When deciding on the need for further pH testing given a negative 24-hour study, a clinician may take into account a number of factors including the nature and frequency of the symptoms, or other tests such as the endoscopy or manometry which may provide circumstantial evidence of GERD.1 There is no guidance however, as to who should undergo prolonged acid monitoring in the presence of a negative pH impedance study. Furthermore, novel metrics of GERD, such as the post-reflux swallow induced peristaltic wave (PSPW) index6,10 and the mean nocturnal baseline impedance (MNBI)6,11-13 have not been assessed in this cohort.

The primary aim of the current study is to establish the diagnostic yield of WPM after a negative 24-hour multichannel intraluminal impedance pH (MII-pH) monitoring study, by average and worst day analysis. The secondary aim is to determine potential predictors of GERD on WPM given a negative MII-pH.

Materials and Methods

Patient Selection

Consecutive adult patients (> 18 years) who underwent WPM for further investigation of suspected GERD following a negative 24-hour MII-pH between January 2010 and December 2019 were retrospectively included. A negative pH impedance test was defined as having less than 40 reflux episodes and an AET for ≤ 4.2% of a 24-hour period.1 Patients with a normal AET but with > 40 reflux episodes were also excluded on the basis that they have non-acid reflux. A WPM study was defined as positive according to the validated threshold of ≥ 4.3% on average day analysis or ≥ 7.1% on any 24-hour period for the worst day analysis.9 All included studies were performed off acid suppressing medication for the previous 2 weeks. Symptoms were categorized as follows: typical (heartburn, regurgitation, and chest pain), atypical (belching, cough, throat symptoms, abdominal pain, vomiting, and nausea), and mixed (presence of both typical and atypical symptoms).

Patients were excluded for the following reasons: previous esophageal surgery or intervention such as endoscopic mucosal resection or radiofrequency ablation; less than 24 hours of recording on MII-pH; less than 48 hours of recording on WPM study. This study protocol was conducted in full compliance with the Declaration of Helsinki and was approved by the local Ethics Committee (IRAS 18/NW/0120).

High-resolution Manometry Protocol

High-resolution manometry (HRM) was performed following local analgesia of the nares. The catheter was introduced trans-nasally and patients were instructed to drink water through a straw whilst the HRM catheter was advanced to the stomach. The HRM catheter depth was adjusted to ensure manometric visual of the upper esophageal sphincter, the gastroesophageal junction, the lower esophageal sphincter (LES), and gastric pressures. Ten single swallows of 5 mL were performed with each being 20 seconds apart. HRM tracings were assessed in accordance to Chicago classification version 3.0 using Manoview software version 3.0 (Sierra Scientific Instruments, Los Angeles, CA, USA).14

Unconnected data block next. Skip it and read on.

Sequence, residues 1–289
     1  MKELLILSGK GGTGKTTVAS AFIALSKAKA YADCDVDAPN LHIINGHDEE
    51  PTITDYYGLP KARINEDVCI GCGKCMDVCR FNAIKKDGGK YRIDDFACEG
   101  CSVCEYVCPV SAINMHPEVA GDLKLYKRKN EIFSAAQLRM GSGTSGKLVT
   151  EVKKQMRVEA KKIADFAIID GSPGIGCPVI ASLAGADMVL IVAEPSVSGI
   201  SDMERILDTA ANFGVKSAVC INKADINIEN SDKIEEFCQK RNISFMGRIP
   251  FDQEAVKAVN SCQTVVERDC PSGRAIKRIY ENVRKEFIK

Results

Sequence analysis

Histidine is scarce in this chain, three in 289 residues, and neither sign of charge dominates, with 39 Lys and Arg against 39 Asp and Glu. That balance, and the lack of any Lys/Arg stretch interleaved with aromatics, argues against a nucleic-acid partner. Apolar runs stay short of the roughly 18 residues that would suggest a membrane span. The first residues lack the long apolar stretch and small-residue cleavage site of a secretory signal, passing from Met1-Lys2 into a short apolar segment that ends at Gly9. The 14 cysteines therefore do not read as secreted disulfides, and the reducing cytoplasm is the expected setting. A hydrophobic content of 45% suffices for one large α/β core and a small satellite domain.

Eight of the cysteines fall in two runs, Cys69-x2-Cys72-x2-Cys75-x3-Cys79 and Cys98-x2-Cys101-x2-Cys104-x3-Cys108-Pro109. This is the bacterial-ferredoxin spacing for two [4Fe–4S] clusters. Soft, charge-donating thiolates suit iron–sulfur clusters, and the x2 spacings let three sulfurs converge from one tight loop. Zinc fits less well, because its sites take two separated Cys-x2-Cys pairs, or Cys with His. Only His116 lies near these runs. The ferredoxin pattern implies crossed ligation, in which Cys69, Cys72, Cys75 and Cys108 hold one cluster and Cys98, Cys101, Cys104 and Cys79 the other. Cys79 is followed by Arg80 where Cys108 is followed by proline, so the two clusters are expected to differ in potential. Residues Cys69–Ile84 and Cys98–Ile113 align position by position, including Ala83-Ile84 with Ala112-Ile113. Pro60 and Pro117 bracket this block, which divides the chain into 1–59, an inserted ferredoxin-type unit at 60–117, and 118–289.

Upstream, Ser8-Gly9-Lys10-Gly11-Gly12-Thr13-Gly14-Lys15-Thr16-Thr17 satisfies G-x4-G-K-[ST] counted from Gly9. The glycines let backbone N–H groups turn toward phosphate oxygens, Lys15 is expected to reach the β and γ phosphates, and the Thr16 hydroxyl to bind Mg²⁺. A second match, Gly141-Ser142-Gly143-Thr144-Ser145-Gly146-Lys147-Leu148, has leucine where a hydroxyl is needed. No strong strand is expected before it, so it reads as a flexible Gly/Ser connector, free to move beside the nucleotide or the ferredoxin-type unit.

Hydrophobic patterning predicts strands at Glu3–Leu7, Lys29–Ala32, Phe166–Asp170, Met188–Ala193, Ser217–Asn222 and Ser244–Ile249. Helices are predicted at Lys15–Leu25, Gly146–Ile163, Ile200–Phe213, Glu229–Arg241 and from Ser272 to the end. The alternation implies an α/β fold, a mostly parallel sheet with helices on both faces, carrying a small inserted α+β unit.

pH Impedance Protocol

After HRM, patients underwent a 24-hour MII-pH reflux monitoring after a 6-hour fasting period using Sandhill Scientific multichannel impedance pH catheters (ZAN-BG-44) while off anti-reflux medications for 2 weeks prior to the procedure. The dual pH sensors of the catheter were positioned 5 cm below and above the manometric LES with impedance sensors positioned above the LES by 3, 5, 9, 15, and 19 cm. Each reflux event was categorized as an acid non-acid reflux event based on the distal esophageal pH capture (pH < 4 = acid reflux event; pH 4-8 = non-acid). PSPW was defined as an antegrade impedance drop by 50% within 30 seconds of the reflux event. The PSPW index was manually calculated and defined as the number of reflux events followed within 30 seconds by a swallow-induced peristaltic wave as a proportion of the total number of reflux events (normal value > 61%).10 The MNBI was assessed using a recent protocol of assessment of the overall average baseline impedance readings throughout the complete nocturnal period (normal value > 2292 ohms).12 The data was captured by a ZepHrTM recording device (Sandhill Scietific, Whitney, UK) and data was analyzed using the BioVIEW Analysis software (

Wireless pH Monitoring Protocol